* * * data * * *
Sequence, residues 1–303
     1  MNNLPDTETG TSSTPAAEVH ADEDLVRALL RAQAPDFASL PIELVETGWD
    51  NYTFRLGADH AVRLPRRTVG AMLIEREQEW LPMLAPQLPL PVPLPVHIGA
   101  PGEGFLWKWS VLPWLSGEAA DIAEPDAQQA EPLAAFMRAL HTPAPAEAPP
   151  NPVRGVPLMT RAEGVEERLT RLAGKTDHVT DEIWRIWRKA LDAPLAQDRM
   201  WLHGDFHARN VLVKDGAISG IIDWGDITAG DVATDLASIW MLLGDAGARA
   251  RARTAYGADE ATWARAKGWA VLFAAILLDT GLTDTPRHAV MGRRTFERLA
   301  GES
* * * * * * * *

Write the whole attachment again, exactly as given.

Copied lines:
Sequence, residues 1–303
     1  MNNLPDTETG TSSTPAAEVH ADEDLVRALL RAQAPDFASL PIELVETGWD
    51  NYTFRLGADH AVRLPRRTVG AMLIEREQEW LPMLAPQLPL PVPLPVHIGA
   101  PGEGFLWKWS VLPWLSGEAA DIAEPDAQQA EPLAAFMRAL HTPAPAEAPP
   151  NPVRGVPLMT RAEGVEERLT RLAGKTDHVT DEIWRIWRKA LDAPLAQDRM
   201  WLHGDFHARN VLVKDGAISG IIDWGDITAG DVATDLASIW MLLGDAGARA
   251  RARTAYGADE ATWARAKGWA VLFAAILLDT GLTDTPRHAV MGRRTFERLA
   301  GES